JUDGE REJECTS FEDERAL GOVERNMENT’S EFFORTS TO DISMISS ND LAWSUIT FOR RECOVERY OF COSTS RELATED TO DAPL PROTESTS

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August 19, 2020


Media Contact: Liz Brocker (701) 328-2213

Army Corps of Engineers totally abdicated its legal responsibilities, says Stenehjem

BISMARCK, ND –   Today, U.S. District Court Judge Daniel Traynor denied the U.S Department of Justice’s motion to dismiss North Dakota’s lawsuit against the U.S. Army Corps of Engineers seeking recovery of damages relating to protests of the Dakota Access Pipeline in 2017 and 2018, allowing four out of five of the State’s claims to move forward.

“I am very pleased to see the Court agree that the Army Corp. of Engineers can be held responsible for the multi-million dollar disaster they created or encouraged,” said Attorney General Wayne Stenehjem. “We plan to vigorously proceed with our litigation through to the end,” he continued.

Stenehjem sued under the Federal Tort Claims Act, looking to recover $38 million in damages to State property and law enforcement costs because of the Corps’ actions that enabled the massive protests over the construction of the Dakota Access Pipeline.  Stenehjem said the state presented the claims to the Corps in 2018 but that he “was very disappointed that no representative of our federal government ever contacted me to discuss our claims. As North Dakota's chief law enforcement officer, my office had no choice but to bring this action because it is so consequential for the State of North Dakota and its citizens.”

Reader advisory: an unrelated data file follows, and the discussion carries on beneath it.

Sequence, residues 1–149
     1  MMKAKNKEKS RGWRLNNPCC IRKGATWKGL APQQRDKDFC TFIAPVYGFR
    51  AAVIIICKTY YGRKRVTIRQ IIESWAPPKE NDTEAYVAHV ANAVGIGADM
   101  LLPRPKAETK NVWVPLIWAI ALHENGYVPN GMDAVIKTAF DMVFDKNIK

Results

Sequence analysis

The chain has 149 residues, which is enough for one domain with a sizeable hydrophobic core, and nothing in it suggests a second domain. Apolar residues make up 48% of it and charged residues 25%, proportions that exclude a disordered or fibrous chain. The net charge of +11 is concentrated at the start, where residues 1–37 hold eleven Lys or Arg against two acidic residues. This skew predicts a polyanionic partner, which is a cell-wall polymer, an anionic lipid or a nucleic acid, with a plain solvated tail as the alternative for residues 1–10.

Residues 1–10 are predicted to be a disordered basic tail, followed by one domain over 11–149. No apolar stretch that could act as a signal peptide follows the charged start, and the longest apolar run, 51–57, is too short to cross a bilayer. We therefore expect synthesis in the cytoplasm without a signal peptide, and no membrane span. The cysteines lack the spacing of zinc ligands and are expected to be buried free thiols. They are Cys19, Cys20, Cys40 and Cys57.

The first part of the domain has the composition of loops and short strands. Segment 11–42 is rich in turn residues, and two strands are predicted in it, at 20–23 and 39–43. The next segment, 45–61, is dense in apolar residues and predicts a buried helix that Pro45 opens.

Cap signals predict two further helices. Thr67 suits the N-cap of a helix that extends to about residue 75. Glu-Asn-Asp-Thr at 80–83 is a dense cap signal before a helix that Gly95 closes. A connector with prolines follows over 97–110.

Judge Traynor decided that North Dakota’s case should proceed because the Corps “circumvented mandatory permit process requirements” when it invited and enabled the protests that went beyond peaceful protests and included violent criminal activities that endangered the public (including protesters) and the environment.  Having negligently created the problem, the Corps then left it to North Dakota to spend tens of millions of dollars protecting public safety and cleaning up the dangerous mess left behind.

Judge Traynor concluded that the “you break it, you bought it” maxim applies to the Corps’ conduct.  Stenehjem said, “ the Corps’ illegally created a public nuisance by inviting and encouraging dangerous and illegal conduct and our citizens should not have to foot the bill.”

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